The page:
As soon as the 2018 theme — "Heavenly Bodies: Fashion and the Catholic Imagination" — was announced, the fashion world was on the edge of its seat waiting to see what outrageous look Madonna, 59, would wear. And true to her daring self, the superstar went all out. After all, she was born for this red carpet.
As someone who's already dressed "Like a Virgin," she went in the opposite direction with her Jean Paul Gaultier look and collaborated with stylist Eyob Yohannes on her Met moment, which he describes in three words as: "Immaculate Goth Queen."
"The religious theme most certainly played into the look however we wanted to put a twist on it so we decided to make it all black," Yohannes tells PEOPLE exclusively. "Madonna has always woven in religion and spirituality into her music and image throughout her career. This years theme could not have better suited her."
Her black ball gown featured a fitted bodice and a sheer cross cutout, a full ball skirt, black veil, cross-adorned crown and she finished the look off carrying a black flower in her hand.
"Madonna and Jean Paul have had quite a history together so it was a wonderful family reunion and quite the fashion throwback," Yohannes said. "It was lovely to work with Jean Paul who has such a creative eye."
This year's theme celebrates an exhibit showcasing 40 pieces on loan from the Vatican as well as designs from Coco Chanel, John Galliano and Cristóbal Balenciaga that spotlight the influence religious iconography has on fashion. The event is hosted by Vogue editor-in-chief Anna Wintor, as well as this year's special co-hosts Amal Clooney, Rihanna and Donatella Versace.
Catholicism has been an important factor of Madonna's personal brand (she was raised Catholic but later became a devotee of Kabbalah), which has caused plenty of controversy for her in the past.
During the singer's 2006 Confessions Tour, Madonna infamously hung from mirrored cross and wearing a fake crown of thorns, referencing Jesus Christ's crucifixion during a performance of "Live To Tell."
Madonna's "Like a Prayer" is a stone-cold classic. It's a ballad sung at bars and karaoke gatherings, and a feel-good, pump-you-up tune for everywhere in between. Even people born a decade after the song's 1989 release know the words by heart. And while the song has solidified its place in the pop music canon with its unforgettable melody and lyrics, the Mary Lambert–directed "Like a Prayer" video is equally memorable. The controversial music video showed a buxom 30-year-old Madonna with a mop of inky black curls, barely clad for scenes that explored sexual, religious, and racial themes.
The story goes as follows: Madonna witnesses a crime, and a black man is falsely accused. She hides in a church, where she prays to a black saint, presumably Saint Martin de Porres, who resembles the accused man. She then falls asleep on a pew and has a dream in which the saint comes to life and kisses her forehead. In the dream, Madonna also encounters an uplifting, all-black gospel choir, later, and for an even more heated moment, she dances in front of burning crosses. At times, lines are blurred between Madonna reaching an ecstatic state of religious enlightenment or, well, an orgasm. (Also, the saint kisses her on the mouth, almost like a lover.) To make matters more sensitive, Madonna shimmies and grooves in a cleavage-baring slip dress with the straps louche-ly sliding off.
Soon after its release, the video came under fire. It was reportedly banned on state television in Italy, and condemned by the Vatican. Madonna's Pepsi ad featuring the song, which was relatively tame and showed the entertainer going back to her childhood, was protested by several family and religious groups after airing only twice in the U.S. (It depicted the jumpsuit-clad entertainer dancing with Catholic schoolgirls.)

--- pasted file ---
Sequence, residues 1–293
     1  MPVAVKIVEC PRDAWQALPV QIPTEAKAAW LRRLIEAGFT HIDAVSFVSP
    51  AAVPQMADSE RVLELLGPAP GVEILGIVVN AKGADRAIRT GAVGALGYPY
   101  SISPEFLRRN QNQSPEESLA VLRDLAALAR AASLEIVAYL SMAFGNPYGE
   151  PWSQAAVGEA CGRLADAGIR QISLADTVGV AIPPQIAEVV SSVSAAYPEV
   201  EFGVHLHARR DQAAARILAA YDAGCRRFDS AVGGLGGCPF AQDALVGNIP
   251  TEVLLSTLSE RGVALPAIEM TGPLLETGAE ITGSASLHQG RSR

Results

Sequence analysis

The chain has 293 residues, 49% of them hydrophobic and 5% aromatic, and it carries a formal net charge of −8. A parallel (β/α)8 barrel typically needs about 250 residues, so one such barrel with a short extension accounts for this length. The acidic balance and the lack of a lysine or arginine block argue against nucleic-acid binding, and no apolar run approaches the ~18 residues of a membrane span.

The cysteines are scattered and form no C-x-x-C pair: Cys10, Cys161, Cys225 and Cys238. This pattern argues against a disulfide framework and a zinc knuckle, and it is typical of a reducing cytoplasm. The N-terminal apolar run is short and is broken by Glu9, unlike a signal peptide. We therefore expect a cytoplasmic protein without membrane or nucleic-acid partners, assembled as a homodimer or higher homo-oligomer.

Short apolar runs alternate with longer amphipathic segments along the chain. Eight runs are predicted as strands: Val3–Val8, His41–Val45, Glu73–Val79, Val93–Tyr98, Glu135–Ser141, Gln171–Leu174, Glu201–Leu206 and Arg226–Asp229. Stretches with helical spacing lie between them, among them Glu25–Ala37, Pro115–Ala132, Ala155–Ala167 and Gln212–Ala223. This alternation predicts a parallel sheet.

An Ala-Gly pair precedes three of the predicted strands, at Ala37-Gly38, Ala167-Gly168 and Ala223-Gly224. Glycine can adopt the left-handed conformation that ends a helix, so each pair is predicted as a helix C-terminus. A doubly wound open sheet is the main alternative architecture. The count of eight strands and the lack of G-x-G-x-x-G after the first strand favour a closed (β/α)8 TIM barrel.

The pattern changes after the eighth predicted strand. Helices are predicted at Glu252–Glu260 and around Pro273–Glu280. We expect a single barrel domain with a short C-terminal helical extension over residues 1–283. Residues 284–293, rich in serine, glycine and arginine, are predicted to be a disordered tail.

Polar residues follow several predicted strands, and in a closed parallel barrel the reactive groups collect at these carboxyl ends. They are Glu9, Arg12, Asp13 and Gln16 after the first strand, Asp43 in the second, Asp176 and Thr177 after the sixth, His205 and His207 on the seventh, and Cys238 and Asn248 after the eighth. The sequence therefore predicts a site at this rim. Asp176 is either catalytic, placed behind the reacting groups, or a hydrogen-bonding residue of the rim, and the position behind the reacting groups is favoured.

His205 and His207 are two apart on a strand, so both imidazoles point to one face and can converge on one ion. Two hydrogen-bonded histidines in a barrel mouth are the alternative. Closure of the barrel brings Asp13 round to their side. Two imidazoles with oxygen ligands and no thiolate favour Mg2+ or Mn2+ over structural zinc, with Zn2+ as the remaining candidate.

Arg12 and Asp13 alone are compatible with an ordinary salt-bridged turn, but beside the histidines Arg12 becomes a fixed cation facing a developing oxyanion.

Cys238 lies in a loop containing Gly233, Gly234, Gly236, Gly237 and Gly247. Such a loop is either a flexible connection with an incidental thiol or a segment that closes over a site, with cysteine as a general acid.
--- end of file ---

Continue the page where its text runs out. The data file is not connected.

According to Madonna's costume designer at the time, Marlene Stewart—who also worked with the singer on music videos including "Material Girl" (1984) and "Vogue" (1990)—Madonna's use of religious imagery all tied back to her Catholic upbringing. "From the beginning, she really had her cultural heritage steeped in Italian Catholicism and the Catholic Church. It has been a big part of her artistic expression," she says. "I think this song shows a certain reverence and it consumes her life and being, but at the same time, she commingles it with ideas of sexual ecstasy and religious ecstasy."
As always with Madonna, clothing plays a central part in the video. In the first scene, Madonna wears a coat that was from Stewart's own wardrobe, which she notes had a religious significance: "The idea was that it was a priest's robe, or of a religious order." One of the most memorable pieces was Madonna's structured slip dress. According to Stewart, she had found the chocolate-brown piece at Los Angeles's Western Costume Company. "She used to wear lingerie as outerwear," she says. "So I found this incredible slip with built-in boning, and it had 'Natalie Wood' the name inside of it, who it was made for. At the time, people used to make costumes and it had the name [of the celebrity] inside of it. It was used as an undergarment, but it was built like a dress because of the way they used to create costumes and slips. They had a lot more structure to them." The lingerie was symbolic, she adds. "I think what it translates to is wanting to be provocative. It is the whole idea of having rules, like, 'You can't do this,' " she says. "If you follow the tenets of the religion, there is something about showing lingerie, wearing lingerie as outerwear, which is very sinful in some way. She was playing with and pushing that boundary."
The timelessness of the looks was intentional. "What was wonderful for me was that it was pre-commercial," Stewart says. "I used to get designers sending me literally just closets full of clothes, wanting to put them on her. But as long as you just have things that are iconic and simple, it will always be about you and you aren't a hanger for someone else." In the case of Madonna, that's an understatement.
Another batch of Madonna videos has been added to Madonna's official Youtube channel, this time rather rare ones: Celebration (fan version - 2009), Get Together (European version - 2006), Hey You (2007), Paradise (Not For Me) (Drowned World Tour backdrop - 2001).